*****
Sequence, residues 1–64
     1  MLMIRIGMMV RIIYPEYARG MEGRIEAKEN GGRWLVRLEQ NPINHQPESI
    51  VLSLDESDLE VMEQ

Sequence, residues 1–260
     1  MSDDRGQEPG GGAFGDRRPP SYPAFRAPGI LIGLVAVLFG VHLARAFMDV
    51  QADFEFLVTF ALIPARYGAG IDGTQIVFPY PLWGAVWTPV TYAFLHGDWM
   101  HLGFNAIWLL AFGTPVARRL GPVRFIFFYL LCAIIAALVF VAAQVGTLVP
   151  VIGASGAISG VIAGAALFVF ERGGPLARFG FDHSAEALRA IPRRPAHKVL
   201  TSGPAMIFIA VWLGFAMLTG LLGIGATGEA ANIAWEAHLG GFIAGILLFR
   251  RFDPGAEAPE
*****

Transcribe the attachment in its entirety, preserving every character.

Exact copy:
Sequence, residues 1–64
     1  MLMIRIGMMV RIIYPEYARG MEGRIEAKEN GGRWLVRLEQ NPINHQPESI
    51  VLSLDESDLE VMEQ

Sequence, residues 1–260
     1  MSDDRGQEPG GGAFGDRRPP SYPAFRAPGI LIGLVAVLFG VHLARAFMDV
    51  QADFEFLVTF ALIPARYGAG IDGTQIVFPY PLWGAVWTPV TYAFLHGDWM
   101  HLGFNAIWLL AFGTPVARRL GPVRFIFFYL LCAIIAALVF VAAQVGTLVP
   151  VIGASGAISG VIAGAALFVF ERGGPLARFG FDHSAEALRA IPRRPAHKVL
   201  TSGPAMIFIA VWLGFAMLTG LLGIGATGEA ANIAWEAHLG GFIAGILLFR
   251  RFDPGAEAPE